Most of what passes of as CRM is not CRM

CRM as practiced is not CRM.

CRM is about taking the seed of the initial enquiry, inital order, intial sale and turning this into a mutually beneficial relationship through hard work.  Work that creates value for the customer AND which allows the supplier to take a share of this value and put it into his revenue, profit margin and profit buckets.  This kind of work is best thought of as applied R&D –  an iterative process that requires investment now to create valuable profit streams over the longer term.

CRM requires considerable interaction and dialogue between the supplier and his customers.  It involves closing the physical and emotional distance between the company and the customers.  This is best done by allowing these customers voice  on products, marketing communications, retail stores, website, customer services, billing etc.  And by seeking out customers and getting them to submit ideas and vote on changes that are being considered by the company – a radical extension of this train of thought is the introduction of prediction markets in which customers are invited to participate.  All the listening has to result in changes that create value for customers.

CRM rewards the customers engagement – interaction and dialogue – by intelligently acting on what has been learned from customers.  Action that leads to changes in the way that the company does business.  Changes that address the needs of customers. Changes that create value for the customer – in some way making the life of the customer better.

Most of what passes for CRM are efforts to make the Marketing, Sales and Customer Services functions more effective and efficient – usually through changes enabled or driven by information technology.    In short, CRM as practiced is often about either operational effectiveness or/and operational efficiency.  And efficient and effective operations  may or may not lead to compelling customer experiences that build customer engagement and customer loyalty.  Often they don’t as optimising the parts often degrades the performance of the whole.  And the customer experiences the whole.  This may explain why customer’s satisfaction, engagement, loyalty towards big businesses continues to be less than great despite the money, time and effort spent on CRM projects and programmes

Author: Maz Iqbal

Experienced management consultant working at the intersection of strategy, customer, and technology. Combine a tendency to think strategically with a penchant for getting my hands dirty at the coalface of implementation.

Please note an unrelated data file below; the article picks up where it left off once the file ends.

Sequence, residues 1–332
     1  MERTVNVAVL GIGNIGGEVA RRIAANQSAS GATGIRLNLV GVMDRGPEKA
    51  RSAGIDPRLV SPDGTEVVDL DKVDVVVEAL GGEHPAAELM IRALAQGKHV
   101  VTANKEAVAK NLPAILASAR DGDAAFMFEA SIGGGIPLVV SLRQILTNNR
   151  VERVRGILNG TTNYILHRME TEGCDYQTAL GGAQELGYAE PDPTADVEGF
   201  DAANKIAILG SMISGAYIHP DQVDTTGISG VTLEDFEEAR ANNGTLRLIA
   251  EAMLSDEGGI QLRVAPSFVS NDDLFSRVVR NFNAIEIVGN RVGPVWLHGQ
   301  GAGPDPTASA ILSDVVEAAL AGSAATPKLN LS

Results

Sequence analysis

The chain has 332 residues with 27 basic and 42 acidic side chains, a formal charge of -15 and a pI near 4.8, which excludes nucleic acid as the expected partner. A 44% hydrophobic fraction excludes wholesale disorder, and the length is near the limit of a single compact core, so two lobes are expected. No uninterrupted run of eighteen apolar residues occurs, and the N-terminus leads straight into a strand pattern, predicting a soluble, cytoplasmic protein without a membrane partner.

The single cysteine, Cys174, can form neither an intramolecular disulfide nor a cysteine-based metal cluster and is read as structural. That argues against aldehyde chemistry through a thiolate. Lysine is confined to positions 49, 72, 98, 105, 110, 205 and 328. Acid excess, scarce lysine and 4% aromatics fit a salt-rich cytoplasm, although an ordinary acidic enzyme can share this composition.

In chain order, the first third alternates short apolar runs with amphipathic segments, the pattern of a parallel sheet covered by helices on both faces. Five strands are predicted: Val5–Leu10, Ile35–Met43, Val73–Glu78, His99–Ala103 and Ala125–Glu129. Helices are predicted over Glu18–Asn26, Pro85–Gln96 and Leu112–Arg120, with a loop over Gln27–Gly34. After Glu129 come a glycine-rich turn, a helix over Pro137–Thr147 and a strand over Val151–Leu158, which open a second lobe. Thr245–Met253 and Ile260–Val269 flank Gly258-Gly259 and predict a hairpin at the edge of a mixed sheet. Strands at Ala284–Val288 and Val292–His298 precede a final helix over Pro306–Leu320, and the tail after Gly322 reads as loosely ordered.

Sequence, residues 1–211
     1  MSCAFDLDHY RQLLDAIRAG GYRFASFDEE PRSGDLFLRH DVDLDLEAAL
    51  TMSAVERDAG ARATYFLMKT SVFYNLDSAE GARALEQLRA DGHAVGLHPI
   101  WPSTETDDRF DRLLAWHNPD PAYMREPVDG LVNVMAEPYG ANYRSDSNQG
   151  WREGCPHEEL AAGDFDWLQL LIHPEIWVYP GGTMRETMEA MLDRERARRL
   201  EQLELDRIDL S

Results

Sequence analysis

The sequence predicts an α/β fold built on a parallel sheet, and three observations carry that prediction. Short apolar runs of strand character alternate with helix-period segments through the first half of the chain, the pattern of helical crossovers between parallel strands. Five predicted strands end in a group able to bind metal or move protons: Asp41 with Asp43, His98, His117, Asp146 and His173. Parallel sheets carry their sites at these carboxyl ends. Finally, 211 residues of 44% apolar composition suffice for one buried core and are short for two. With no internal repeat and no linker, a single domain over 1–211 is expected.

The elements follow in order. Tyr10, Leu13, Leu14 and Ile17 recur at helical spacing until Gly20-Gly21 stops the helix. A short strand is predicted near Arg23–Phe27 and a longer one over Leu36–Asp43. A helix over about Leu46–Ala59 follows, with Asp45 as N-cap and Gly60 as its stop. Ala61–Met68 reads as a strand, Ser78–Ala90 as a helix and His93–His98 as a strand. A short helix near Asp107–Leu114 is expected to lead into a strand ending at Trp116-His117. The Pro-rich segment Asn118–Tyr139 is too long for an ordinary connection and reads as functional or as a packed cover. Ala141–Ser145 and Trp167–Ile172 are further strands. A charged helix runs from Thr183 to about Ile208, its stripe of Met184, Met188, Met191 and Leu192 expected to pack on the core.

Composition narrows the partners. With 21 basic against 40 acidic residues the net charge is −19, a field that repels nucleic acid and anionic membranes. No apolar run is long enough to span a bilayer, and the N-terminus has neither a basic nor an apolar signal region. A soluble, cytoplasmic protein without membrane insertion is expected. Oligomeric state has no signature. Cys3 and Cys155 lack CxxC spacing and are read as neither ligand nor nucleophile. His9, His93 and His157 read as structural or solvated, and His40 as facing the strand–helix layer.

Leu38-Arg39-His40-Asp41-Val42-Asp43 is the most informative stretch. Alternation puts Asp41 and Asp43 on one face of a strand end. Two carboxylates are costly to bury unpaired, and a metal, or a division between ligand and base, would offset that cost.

1 thought on “Most of what passes of as CRM is not CRM”

  1. I agree, much of what carries the sticker nowadays isn’t ‘the real thing’. But my agreement with you is only because we share the same (or almost the same) understanding of what CRM actually is.

    The reality is, everyone and his pet iguana have their own definition of CRM – and we may struggle to prove that ours is THE definition, the absolute and indisputable Truth 🙂

    As much as I feel otherwise, I acknowledge certain quarters’ understanding that this is an operational and tactical tool for greater efficiency. For structured (ideally – automated) ‘processing of customers’ at minimised cost.

    Others may see beyond cost efficiency and may even recognise the presence of the ‘R’ letter in the acronym – and seek relationships with customers. And see the ever-elusive Loyalty as the mantra of such relationships. But even that too often translates in those practitioners’ minds as just sustained custom (and market share), and repeat purchasing (and revenues). I have to acknowledge such views despite (ideologically) believing that CRM is a lot more, is a strategic discipline and requires consistent company-wide efforts.

    If we are to draw a taxonomy of the various CRM definitions and ‘schools of thought’ the crux, it seems, is at the very first and fundamental Y-fork:

    – one branch is seeking success as defined in any set of KPI-s (increased sales, reduced churn or extended lifecycles, improved marketing effectiveness, reduced service costs). This is achievable at any level of organisational structure and any stretch of timeline – and the further branches exemplify the various approaches and ‘flavours’ of CRM.

    – the other branch embraces customer centricity as a fundamental business model and philosophy, and seeks best outcomes for all stakeholders in the value chain (shareholders, customers, employees – and more). This requires – and critically depends on – full and genuine leadership commitment at top levels. And the further branches would not be ‘different ways to skin the cat’, but a multitude of things that must be in place for the end result.

    Luckily, this classification tree doesn’t exist – and nobody would expect such profound and honest creed from senior executives. After all, they didn’t climb to the top by being softies. Customer centricity, customer this, customer that, bla-bla-bla (there’s a Corporate Communications department and a PR agency to push this to the masses), but at the end of the day I get my bonus for meeting targets. Does your CRM (or whatever you want to call it) help me there?..

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